A controversial property tax freeze which was passed by lawmakers in 2007, already has many local leaders calling for change in 2008.
Representative Ray Rose, (R) Montrose, is one of many Western Slope Republicans upset by a property tax freeze passed by the Democrat controlled Legislature last year, and signed into law by the governor.
"It's not a tax freeze, it's a tax increase," said Rose. "Anytime you take more than 1.5 billion dollars more from the people, that's a tax increase."
To figure out your property tax, you take your property value and multiply it by a mill levy. As property values go up, like they are in Mesa County, the mill levy is supposed to go down to offset new taxes. Freeze the mill levy, however, and an increase in property value means an increase in property taxes.
According to lawmakers, the latest reports show that the freeze will raise state property taxes more than 3.7 billion dollars.
"When you have an increase in general funds to the state, that is a required vote of the people," said Representative Steve King, (R) Grand Junction.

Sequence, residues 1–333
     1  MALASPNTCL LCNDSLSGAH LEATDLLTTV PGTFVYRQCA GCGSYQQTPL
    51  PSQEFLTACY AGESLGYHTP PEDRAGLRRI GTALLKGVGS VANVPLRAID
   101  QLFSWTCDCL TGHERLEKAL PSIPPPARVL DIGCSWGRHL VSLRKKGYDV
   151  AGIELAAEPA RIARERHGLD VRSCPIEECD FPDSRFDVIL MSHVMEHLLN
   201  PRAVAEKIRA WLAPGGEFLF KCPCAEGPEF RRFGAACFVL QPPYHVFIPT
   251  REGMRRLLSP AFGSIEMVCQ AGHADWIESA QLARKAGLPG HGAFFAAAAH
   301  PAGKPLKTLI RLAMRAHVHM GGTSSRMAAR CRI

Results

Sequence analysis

According to the Colorado Taxpayer Bill of Rights, that's exactly what must happen for a tax increase to occur, leading many to question the measure's constitutionality.
Two well respected independent groups were brought in to take a look at the freeze before it was passes last year. One said it was legal, but the other said it was not.
Those who support the freeze say a vote by elected school districts across the state on the issue makes the move legal.
"I think that it is appropriate," said Representative Bernie Buescher, (D) Grand Junction. "I think that's local control as we have used it in this state."
The Mesa County Commissioners, however, don't feel the same way.
"We heard from citizens across the Valley about their concern over the increases in the taxes they would pay as a result of the mill levy freeze," said Commissioner Janet Rowland.
The commissioners say by their calculations, the freeze will raise over 6 million dollars in property taxes from Mesa County residents. For that reason, they are joining a lawsuit against the state government to get the freeze reversed. They are hopeful the suit will move forward early this year.